New York Governor Andrew Cuomo announced this weekend that the state legislature had passed a budget that delivered a double blow to New York City Mayor Bill de Blasio’s agenda, providing funding that would eliminate the need for a tax increase de Blasio campaigned on and enforcing safeguards for charter schools.
According to The New York Times, Mayor de Blasio’s city would received $300 million from the state to develop a universal pre-Kindergarten program free and open to the public. That money would fall $40 million short of the goal amount de Blasio proposed he could raise with a tax increase on wealthy New Yorkers but is still enough money to start the program and render the tax obsolete.
The new budget would also require that de Blasio find space in public schools for charter school programs or pay to rent space for them. It also provided more funding to charter schools.
Bloomberg News notes that the new budget also places a referendum on this year’s election ballot regarding a $2 billion bond for school technology, “a measure to give property owners rebates on their taxes if their local governments control spending.” It also lowers the corporate tax rate down to a percentage unseen since 1968.
While de Blasio put on a positive public face about the new budget, calling the new money coming into his administration from Albany “an extraordinary and historic step forward for New York City,” the move directly prevents the mayor from coming through on his campaign promise to increase taxes on the rich and represents a major political victory for Governor Cuomo, who as of late had become something of an unspoken adversary to the mayor. Cuomo had been very clear in opposing the new tax, and on education generally reports had surfaced that Cuomo was sending aides to privately persuade de Blasio supporters to oppose the tax and support charter schools.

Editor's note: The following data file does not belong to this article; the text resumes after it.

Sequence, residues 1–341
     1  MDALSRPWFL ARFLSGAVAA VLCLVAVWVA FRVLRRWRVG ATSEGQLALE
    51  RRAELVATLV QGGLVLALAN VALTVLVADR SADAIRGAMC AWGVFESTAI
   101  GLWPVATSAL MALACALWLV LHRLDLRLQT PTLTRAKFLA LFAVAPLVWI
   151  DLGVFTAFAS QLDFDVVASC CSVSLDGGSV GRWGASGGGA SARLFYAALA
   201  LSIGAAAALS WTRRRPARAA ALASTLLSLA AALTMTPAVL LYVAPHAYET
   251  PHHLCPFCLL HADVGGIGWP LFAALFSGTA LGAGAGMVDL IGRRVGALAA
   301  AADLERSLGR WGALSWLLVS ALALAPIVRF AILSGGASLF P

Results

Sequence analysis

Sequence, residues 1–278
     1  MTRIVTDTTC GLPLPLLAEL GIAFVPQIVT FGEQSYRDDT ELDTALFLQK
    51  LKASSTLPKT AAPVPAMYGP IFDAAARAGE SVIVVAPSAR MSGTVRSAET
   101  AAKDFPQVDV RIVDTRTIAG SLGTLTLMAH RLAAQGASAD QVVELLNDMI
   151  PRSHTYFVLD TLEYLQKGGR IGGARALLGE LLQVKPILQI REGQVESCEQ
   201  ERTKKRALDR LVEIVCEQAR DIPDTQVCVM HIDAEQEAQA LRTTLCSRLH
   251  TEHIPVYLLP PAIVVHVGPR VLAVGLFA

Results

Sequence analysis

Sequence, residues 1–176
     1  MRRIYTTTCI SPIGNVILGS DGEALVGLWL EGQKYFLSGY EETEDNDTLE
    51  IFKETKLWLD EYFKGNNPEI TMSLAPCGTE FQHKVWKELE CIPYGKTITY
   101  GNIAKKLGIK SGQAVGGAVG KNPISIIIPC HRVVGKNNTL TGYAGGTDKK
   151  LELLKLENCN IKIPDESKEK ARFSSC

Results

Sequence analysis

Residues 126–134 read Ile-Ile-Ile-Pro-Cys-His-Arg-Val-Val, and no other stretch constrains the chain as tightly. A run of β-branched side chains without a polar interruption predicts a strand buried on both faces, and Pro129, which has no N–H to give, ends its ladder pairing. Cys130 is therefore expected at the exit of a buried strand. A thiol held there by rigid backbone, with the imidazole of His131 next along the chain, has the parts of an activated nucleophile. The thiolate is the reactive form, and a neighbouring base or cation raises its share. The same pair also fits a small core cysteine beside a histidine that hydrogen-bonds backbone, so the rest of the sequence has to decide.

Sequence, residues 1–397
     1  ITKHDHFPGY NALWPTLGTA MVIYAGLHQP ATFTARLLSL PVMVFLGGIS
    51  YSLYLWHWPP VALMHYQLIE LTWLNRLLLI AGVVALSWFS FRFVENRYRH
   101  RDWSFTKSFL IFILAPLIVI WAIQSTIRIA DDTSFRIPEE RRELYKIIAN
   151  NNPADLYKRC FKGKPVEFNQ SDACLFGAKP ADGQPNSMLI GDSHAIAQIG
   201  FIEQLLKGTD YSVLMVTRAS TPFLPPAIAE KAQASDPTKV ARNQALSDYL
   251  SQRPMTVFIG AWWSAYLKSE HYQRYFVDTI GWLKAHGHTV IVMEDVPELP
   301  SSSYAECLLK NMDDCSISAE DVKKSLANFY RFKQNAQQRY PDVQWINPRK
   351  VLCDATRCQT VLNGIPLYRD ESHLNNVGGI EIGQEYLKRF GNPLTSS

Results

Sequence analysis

The new funding and requirement that charter schools be accommodated in the state is an even bigger political loss for de Blasio. The mayor sparked a firestorm of opposition when he rescinded approval for three Success Academy charter schools that former mayor Michael Bloomberg had approved before leaving office. Parents complained that their children were crying over being evicted from their schools and that the plan was “crazy” and marched to Albany to protest. Rather than support his fellow Democrat, Governor Cuomo came down from the state capitol and gave a rousing speech against de Blasio at a rally supporting charter schools, a moment in which tensions reached their peak.
In halting the new tax on the wealthy and safeguarding the rights of charter schools within the city, Governor Cuomo prevented de Blasio from enacting much of his education agenda. The budget does allow, however, for de Blasio to argue that he did bring a universal pre-Kindergarten program to the city, though not on his terms.
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